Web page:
Westwards from Well Lane the older properties are on the north side of the road, probably because it is postulated that the Well Lane – Bottom Green – Top Green triangle was all village green from circa late 13th Century. Three of the cottages are end-on to the road, which is a feature of local village land use.

Greenhill Cottage and Holly Cottage are late 19th Cent, and have the same ornamentation of their gable ends, suggesting contemporaneous construction. It should be noted that the same ornamentation is found at Top Cottage (this may not be visible due to a recent extension) and Manor Barn Farm – all 19th cent estate cottages. Normally the gable ends of buildings in the vernacular style are plain. Greenhill Cottage is two rooms deep, and is in the style of modest suburban villas of the 1880 – 1890s, whereas Holly Cottage is still of the vernacular plan (now much extended).

Stone Cross Cottage, formerly Barrack Yard was a series of one-up one down cottages, probably 17th Cent in origin. Despite modern alterations it still displays much of the character of the archetypal vernacular cottage of the area. The roof was formerly thatched, and the original roof line has been kept.

Opposite is the Cross, the base and shaft of which survive. Note the stone used in its construction, which is not local – it appears to be Millstone Grit.  Fragments of tracery made of ironstone have been found which suggest a date in the second half of the 13th cent.  It is probably a market cross for a failed attempt to establish a market by the Sulney family, who had recently acquired the manor.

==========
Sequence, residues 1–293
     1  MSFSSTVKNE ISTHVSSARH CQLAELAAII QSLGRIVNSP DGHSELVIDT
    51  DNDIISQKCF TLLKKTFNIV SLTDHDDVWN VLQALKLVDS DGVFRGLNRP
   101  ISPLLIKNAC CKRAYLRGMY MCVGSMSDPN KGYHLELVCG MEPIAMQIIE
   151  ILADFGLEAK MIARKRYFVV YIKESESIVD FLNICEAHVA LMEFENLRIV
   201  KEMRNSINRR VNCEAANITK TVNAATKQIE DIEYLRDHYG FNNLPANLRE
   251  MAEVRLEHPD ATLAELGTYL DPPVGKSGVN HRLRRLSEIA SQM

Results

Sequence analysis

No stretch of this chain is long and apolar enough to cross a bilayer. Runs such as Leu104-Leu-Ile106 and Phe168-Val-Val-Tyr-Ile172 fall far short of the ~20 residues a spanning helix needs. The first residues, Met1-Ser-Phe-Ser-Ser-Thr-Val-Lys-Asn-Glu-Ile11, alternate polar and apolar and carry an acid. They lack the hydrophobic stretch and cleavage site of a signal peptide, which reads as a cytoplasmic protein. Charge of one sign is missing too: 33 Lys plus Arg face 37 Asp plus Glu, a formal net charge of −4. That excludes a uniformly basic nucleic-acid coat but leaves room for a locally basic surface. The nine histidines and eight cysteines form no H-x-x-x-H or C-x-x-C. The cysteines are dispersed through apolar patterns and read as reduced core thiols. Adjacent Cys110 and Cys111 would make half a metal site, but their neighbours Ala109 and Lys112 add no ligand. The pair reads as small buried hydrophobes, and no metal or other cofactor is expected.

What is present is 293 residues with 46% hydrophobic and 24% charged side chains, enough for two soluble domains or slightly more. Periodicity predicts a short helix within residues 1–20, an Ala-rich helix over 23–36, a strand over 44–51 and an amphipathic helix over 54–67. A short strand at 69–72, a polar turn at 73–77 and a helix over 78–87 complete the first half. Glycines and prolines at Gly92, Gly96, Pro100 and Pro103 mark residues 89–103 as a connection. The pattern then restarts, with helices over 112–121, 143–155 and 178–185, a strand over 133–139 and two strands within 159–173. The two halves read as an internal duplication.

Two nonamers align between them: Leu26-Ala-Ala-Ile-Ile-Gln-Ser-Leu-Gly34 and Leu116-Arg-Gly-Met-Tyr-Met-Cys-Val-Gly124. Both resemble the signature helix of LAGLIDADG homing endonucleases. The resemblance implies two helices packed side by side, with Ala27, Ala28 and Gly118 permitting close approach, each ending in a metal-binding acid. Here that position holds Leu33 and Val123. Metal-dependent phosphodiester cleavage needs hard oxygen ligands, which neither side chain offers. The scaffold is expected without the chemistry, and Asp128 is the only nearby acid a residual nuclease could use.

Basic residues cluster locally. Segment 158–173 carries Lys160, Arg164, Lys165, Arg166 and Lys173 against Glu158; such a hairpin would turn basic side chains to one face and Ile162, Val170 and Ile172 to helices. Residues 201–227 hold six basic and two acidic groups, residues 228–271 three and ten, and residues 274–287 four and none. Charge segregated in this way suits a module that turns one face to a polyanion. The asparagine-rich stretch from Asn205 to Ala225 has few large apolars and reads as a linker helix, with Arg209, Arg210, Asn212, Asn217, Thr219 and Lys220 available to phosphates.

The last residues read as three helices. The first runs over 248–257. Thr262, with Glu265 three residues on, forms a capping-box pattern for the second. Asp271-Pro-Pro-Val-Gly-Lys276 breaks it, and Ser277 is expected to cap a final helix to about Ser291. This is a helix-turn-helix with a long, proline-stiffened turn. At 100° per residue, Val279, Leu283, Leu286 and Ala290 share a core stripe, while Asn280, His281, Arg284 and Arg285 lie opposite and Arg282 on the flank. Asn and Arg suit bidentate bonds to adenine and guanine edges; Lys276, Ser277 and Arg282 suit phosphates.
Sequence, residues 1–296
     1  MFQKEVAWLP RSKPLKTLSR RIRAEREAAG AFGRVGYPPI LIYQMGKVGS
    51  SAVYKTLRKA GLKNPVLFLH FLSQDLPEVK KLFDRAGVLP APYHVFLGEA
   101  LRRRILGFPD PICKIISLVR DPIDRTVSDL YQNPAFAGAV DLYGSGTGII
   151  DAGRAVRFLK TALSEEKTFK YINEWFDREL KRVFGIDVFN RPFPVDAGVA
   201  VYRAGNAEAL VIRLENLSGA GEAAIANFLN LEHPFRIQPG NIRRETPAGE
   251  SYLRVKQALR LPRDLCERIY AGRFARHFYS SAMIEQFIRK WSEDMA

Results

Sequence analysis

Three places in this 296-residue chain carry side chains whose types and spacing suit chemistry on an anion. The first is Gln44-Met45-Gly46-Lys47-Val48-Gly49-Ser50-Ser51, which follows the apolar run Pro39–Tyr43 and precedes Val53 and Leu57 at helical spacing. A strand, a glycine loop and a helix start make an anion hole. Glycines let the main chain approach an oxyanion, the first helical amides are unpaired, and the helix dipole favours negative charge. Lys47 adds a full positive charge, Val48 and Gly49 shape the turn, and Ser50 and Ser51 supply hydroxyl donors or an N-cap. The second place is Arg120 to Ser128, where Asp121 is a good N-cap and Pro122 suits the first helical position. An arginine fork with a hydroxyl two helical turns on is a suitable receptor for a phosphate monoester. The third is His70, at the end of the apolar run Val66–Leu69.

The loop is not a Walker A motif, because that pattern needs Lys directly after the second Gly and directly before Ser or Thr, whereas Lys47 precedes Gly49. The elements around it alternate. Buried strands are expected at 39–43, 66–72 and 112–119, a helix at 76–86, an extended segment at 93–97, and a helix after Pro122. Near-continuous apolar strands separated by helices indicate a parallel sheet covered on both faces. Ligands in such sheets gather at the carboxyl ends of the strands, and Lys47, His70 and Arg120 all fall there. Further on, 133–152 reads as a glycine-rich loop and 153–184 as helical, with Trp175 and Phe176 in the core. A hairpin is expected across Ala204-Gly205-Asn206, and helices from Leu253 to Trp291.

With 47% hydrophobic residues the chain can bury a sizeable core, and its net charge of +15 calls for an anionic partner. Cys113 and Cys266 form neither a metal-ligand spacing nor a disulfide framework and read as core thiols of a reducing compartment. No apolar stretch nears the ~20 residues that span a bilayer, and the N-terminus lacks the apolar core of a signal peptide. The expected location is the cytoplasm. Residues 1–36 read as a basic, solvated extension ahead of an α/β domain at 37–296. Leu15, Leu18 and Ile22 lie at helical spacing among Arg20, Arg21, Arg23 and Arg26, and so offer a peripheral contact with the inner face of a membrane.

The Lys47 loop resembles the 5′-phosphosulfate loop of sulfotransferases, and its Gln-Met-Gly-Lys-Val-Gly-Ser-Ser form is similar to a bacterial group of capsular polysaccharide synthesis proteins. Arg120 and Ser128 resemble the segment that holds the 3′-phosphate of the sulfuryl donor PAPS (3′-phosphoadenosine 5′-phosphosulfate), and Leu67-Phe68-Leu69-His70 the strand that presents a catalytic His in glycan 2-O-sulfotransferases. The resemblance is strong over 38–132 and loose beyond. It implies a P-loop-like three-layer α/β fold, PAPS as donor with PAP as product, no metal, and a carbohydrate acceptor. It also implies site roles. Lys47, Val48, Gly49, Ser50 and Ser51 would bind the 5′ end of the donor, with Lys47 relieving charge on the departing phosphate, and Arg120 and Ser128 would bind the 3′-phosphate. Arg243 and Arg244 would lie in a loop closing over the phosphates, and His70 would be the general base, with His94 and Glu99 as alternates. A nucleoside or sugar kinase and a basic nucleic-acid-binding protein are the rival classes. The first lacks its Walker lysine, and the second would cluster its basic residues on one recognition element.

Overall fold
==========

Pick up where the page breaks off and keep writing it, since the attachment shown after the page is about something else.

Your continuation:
Bottom Green starting from the main road

White House has a large late 19th Cent. extension parallel with the road, but the older section of the house is end-on to the road. This was reclad at the same time as the extension was built, as it has saw-tooth pattern corbelling as opposed to the older and more traditional denticulate pattern.

Southview is probably 16th or 17th Century in origin. The recladding of the front matches that of Mill House and The Post Office House – probably circa 1880. The roof was clearly thatched, and the roof at the rear is a ‘catslide’, enclosing a lean-to kitchen. The attic windows are in the gable ends as they should be. Dormer windows are extremely rare if not non-existent as original features of the local style (planners please note).

Hill Farm, formerly ‘The Greyhound’ is on a narrow strip of roadside land, which is in part common land. It looks like a 18th Cent Pattern Book building, possibly built to serve the coaching traffic on the Turnpike, but it does contain parts of an older building within. It ceased to be a pub in 1904.

Corner House Farm does contain an old building, but nothing is visible of this from the outside.

Ivy House is interesting for its fusion of Georgian formality of appearance with a traditional L-shaped single pile layout  (c.f. Dexters Close Cottage). It is likely to have been built in the late 18th Century. The end of the outbuilding to the left of the house (now incorporated in it) shows the outline of a cruck frame, though no timber-work was found during the recent renovation.

1 & 2, Bottom Green Cottages have a date plaque on them – 1753 – though the wall in which this is incorporated is clearly not part of the oldest section of the building. A study of the brickwork shows that the original building was probably single storey with a steeply pitched thatched roof, providing sleeping space in the loft (there is a fine example of this style of building in Upton near Southwell). A later extension provided a more substantial upper floor, which may have been timber-framed originally, but is now made of bricks which appear to be 19th Cent. The ground floor bricks are of the earliest date in the village